A Bulgarian border policeman stands near a barbed wire fence on the Bulgarian-Turkish border July 17, 2014.

© 2014 Reuters

Two Iraqi men died from hypothermia at the border between Bulgaria and Turkey, after Bulgarian border guards allegedly beat the Iraqis when they attempted to cross into Bulgaria – an incident that is only the latest horrible reminder of the crisis at European Union borders. Today, the UN refugee agency UNHCR has rightly called on Bulgarian and Turkish authorities to investigate the incident, which happened in mid-March.

The two men were traveling in a group of 12 Iraqis, all of them reportedly members of the Yazidi religious minority, who, facing persecution by the radical group Islamic State (also known as ISIS), were likely to qualify as refugees under the Refugee Convention. According to the media report, the survivors claimed that Bulgarian border guards violently rejected them at the border, an illegal practice known as “pushbacks.”

Violence and summary returns at Bulgaria’s border with Turkey have been a serious concern since mid-2013. One year ago, Human Rights Watch documented 44 incidents involving at least 519 people in which Bulgarian border police apprehended and summarily returned people – mainly Syrians and Afghans – to Turkey, sometimes using violence.

In doing so, Bulgaria is violating EU and international law by denying people access to the asylum procedure, and possibly violating the principle of nonrefoulement, which prohibits returns of asylum seekers and refugees to places where their lives and freedoms would be threatened. Because Turkey hasn’t agreed to every aspect of the Refugee Convention, it says it is not legally bound to accept refugees from non-European countries like Syria and Iraq.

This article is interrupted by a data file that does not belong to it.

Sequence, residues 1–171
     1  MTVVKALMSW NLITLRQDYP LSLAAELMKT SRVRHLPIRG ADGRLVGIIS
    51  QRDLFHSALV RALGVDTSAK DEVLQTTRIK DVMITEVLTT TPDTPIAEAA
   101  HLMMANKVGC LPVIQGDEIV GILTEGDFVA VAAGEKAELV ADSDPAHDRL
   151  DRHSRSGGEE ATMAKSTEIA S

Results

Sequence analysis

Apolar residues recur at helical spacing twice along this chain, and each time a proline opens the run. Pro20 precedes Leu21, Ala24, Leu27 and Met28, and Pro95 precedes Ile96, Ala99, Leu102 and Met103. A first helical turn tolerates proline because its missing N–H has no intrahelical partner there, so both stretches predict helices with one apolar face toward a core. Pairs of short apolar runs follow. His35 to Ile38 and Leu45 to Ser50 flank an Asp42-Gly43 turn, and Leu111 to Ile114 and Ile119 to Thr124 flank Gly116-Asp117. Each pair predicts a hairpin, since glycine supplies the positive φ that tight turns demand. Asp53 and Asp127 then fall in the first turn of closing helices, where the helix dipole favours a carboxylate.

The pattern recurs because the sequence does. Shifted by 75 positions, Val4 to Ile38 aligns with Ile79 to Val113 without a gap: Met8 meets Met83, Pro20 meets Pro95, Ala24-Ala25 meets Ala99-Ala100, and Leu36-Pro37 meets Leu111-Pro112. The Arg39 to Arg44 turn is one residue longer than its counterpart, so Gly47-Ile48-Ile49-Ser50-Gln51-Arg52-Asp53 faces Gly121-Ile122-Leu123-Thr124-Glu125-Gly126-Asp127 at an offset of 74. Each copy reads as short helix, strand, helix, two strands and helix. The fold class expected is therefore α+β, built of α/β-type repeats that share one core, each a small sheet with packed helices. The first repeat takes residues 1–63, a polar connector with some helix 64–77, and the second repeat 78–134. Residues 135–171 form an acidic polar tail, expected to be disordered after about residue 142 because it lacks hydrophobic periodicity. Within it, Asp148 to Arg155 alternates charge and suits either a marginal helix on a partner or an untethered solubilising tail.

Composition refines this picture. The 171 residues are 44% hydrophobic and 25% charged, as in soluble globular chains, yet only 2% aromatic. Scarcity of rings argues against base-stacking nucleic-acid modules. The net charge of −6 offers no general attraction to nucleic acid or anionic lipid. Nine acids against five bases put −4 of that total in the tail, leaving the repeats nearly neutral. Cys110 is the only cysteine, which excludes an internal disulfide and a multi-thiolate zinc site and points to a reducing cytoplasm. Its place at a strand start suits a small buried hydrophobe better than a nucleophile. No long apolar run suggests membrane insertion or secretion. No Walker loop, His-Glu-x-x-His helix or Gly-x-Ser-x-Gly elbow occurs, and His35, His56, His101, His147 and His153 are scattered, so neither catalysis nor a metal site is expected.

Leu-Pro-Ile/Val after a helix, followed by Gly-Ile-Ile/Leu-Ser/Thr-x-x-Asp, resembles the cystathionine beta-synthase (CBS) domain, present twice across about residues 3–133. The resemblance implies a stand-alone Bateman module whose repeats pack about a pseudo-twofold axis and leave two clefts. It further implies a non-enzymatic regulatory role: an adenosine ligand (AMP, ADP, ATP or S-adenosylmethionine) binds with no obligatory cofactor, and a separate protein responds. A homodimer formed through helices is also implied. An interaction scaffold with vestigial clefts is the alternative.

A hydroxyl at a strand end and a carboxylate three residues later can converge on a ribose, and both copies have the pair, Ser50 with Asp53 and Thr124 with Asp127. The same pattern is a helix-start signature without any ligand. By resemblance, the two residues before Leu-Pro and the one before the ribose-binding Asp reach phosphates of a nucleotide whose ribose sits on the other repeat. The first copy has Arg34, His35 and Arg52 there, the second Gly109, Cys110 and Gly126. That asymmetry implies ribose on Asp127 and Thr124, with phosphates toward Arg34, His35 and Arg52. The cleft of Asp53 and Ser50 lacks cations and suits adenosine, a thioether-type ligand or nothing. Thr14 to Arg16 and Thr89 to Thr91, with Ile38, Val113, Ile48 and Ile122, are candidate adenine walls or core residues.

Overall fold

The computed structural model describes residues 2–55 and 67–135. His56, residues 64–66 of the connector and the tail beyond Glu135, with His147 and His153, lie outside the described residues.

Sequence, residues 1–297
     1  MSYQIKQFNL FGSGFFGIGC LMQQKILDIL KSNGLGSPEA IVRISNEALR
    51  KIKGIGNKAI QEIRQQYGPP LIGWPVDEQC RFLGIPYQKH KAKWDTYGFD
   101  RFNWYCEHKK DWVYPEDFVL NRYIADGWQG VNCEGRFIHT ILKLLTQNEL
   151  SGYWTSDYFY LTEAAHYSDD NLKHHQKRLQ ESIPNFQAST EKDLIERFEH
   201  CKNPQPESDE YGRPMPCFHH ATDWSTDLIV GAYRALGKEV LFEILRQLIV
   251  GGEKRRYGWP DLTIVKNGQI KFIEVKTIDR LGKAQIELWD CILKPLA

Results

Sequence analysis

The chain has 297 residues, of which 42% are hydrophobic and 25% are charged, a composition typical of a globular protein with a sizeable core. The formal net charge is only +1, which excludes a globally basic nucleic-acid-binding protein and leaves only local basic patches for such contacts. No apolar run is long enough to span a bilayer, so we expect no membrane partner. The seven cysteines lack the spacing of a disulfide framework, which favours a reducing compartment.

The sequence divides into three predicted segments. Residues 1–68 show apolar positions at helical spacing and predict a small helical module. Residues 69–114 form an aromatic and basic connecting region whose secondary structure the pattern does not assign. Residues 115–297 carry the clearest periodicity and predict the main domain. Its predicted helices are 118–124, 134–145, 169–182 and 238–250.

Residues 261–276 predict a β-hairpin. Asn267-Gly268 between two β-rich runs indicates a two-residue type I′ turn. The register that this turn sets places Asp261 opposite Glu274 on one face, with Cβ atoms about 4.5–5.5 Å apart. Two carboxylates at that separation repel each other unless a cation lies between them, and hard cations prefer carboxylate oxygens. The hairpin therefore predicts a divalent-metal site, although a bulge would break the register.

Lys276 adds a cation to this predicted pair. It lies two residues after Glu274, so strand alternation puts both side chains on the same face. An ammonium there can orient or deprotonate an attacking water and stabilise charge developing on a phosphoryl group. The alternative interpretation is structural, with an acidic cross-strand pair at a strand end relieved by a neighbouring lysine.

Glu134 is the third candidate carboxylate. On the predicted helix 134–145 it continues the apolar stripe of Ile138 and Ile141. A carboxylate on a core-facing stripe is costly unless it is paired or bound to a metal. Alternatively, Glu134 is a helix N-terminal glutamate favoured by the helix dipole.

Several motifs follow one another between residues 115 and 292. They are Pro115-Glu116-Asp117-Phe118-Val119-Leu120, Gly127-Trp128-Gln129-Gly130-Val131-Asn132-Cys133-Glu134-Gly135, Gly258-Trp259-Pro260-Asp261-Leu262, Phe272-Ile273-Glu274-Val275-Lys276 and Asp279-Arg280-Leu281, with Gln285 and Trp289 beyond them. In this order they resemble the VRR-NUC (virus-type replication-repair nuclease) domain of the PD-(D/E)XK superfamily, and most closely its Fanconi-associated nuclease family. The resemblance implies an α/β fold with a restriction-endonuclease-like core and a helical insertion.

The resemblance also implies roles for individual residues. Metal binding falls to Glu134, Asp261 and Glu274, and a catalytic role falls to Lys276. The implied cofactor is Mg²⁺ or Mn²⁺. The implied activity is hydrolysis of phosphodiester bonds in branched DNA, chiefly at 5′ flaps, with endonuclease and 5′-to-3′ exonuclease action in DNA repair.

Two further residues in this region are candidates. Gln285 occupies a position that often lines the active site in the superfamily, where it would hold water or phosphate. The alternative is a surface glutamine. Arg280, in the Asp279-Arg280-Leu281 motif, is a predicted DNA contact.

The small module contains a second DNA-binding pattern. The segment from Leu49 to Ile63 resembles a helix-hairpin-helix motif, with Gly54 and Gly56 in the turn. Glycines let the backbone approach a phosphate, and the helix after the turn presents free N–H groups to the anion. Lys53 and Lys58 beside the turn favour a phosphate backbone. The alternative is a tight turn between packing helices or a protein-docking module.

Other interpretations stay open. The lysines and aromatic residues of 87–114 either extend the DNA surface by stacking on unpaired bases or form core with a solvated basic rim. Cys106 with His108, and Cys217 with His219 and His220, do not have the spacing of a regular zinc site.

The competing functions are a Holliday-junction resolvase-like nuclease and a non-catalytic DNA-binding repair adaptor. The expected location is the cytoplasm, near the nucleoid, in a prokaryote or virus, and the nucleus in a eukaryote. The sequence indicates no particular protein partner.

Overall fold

Bulgarian authorities denied all allegations of pushbacks, referring to them as “blatant lies.” The European Commission sent a letter to Bulgaria – the first step in legal action – concerning allegations that it broke EU rules by pushing Syrians back to Turkey, but has since been silent on the issue. Human Rights Watch documented new evidence in August and September suggesting that violent pushbacks of asylum seekers and migrants were continuing on the Bulgaria-Turkey border.

Ill-treatment and pushbacks of asylum seekers are illegal, wrong, and should not be tolerated by the EU. The European Commission should hold member states accountable when they breach EU and international law. EU institutions should ensure that Bulgaria investigates allegations of abuses at its borders and holds responsible officials accountable for their actions.